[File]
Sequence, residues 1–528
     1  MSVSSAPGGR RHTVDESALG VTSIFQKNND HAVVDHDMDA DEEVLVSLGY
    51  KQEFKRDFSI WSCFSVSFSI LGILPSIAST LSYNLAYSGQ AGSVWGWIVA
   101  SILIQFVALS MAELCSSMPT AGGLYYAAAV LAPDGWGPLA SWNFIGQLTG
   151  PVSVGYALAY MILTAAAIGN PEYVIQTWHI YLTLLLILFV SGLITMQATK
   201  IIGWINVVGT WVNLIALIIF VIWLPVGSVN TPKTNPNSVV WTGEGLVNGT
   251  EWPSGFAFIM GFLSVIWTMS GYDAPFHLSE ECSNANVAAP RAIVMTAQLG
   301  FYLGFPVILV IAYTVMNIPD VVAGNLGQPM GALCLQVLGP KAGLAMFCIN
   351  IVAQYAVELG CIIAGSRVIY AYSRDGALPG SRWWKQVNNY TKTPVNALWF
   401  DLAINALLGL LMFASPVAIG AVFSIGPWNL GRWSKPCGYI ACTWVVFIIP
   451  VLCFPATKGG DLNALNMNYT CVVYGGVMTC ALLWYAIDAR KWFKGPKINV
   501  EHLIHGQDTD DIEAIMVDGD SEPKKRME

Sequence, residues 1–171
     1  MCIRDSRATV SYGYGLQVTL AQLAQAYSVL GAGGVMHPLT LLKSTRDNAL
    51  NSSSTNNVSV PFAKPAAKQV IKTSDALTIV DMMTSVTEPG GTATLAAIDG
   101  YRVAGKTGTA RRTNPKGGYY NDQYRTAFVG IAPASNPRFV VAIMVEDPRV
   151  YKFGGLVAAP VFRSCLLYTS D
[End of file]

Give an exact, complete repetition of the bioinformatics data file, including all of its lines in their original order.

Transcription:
Sequence, residues 1–528
     1  MSVSSAPGGR RHTVDESALG VTSIFQKNND HAVVDHDMDA DEEVLVSLGY
    51  KQEFKRDFSI WSCFSVSFSI LGILPSIAST LSYNLAYSGQ AGSVWGWIVA
   101  SILIQFVALS MAELCSSMPT AGGLYYAAAV LAPDGWGPLA SWNFIGQLTG
   151  PVSVGYALAY MILTAAAIGN PEYVIQTWHI YLTLLLILFV SGLITMQATK
   201  IIGWINVVGT WVNLIALIIF VIWLPVGSVN TPKTNPNSVV WTGEGLVNGT
   251  EWPSGFAFIM GFLSVIWTMS GYDAPFHLSE ECSNANVAAP RAIVMTAQLG
   301  FYLGFPVILV IAYTVMNIPD VVAGNLGQPM GALCLQVLGP KAGLAMFCIN
   351  IVAQYAVELG CIIAGSRVIY AYSRDGALPG SRWWKQVNNY TKTPVNALWF
   401  DLAINALLGL LMFASPVAIG AVFSIGPWNL GRWSKPCGYI ACTWVVFIIP
   451  VLCFPATKGG DLNALNMNYT CVVYGGVMTC ALLWYAIDAR KWFKGPKINV
   501  EHLIHGQDTD DIEAIMVDGD SEPKKRME

Sequence, residues 1–171
     1  MCIRDSRATV SYGYGLQVTL AQLAQAYSVL GAGGVMHPLT LLKSTRDNAL
    51  NSSSTNNVSV PFAKPAAKQV IKTSDALTIV DMMTSVTEPG GTATLAAIDG
   101  YRVAGKTGTA RRTNPKGGYY NDQYRTAFVG IAPASNPRFV VAIMVEDPRV
   151  YKFGGLVAAP VFRSCLLYTS D